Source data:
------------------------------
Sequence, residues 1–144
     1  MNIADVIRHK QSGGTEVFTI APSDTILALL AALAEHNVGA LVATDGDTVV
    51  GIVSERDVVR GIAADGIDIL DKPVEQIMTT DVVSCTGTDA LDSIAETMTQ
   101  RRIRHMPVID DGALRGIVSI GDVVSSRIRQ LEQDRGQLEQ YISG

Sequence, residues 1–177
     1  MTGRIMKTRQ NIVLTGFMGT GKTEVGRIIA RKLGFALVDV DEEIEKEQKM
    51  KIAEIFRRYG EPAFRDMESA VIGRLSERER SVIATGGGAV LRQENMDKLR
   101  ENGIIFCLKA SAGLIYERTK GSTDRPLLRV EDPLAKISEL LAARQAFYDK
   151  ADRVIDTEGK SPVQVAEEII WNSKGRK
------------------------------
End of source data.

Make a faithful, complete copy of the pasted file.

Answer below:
Sequence, residues 1–144
     1  MNIADVIRHK QSGGTEVFTI APSDTILALL AALAEHNVGA LVATDGDTVV
    51  GIVSERDVVR GIAADGIDIL DKPVEQIMTT DVVSCTGTDA LDSIAETMTQ
   101  RRIRHMPVID DGALRGIVSI GDVVSSRIRQ LEQDRGQLEQ YISG

Sequence, residues 1–177
     1  MTGRIMKTRQ NIVLTGFMGT GKTEVGRIIA RKLGFALVDV DEEIEKEQKM
    51  KIAEIFRRYG EPAFRDMESA VIGRLSERER SVIATGGGAV LRQENMDKLR
   101  ENGIIFCLKA SAGLIYERTK GSTDRPLLRV EDPLAKISEL LAARQAFYDK
   151  ADRVIDTEGK SPVQVAEEII WNSKGRK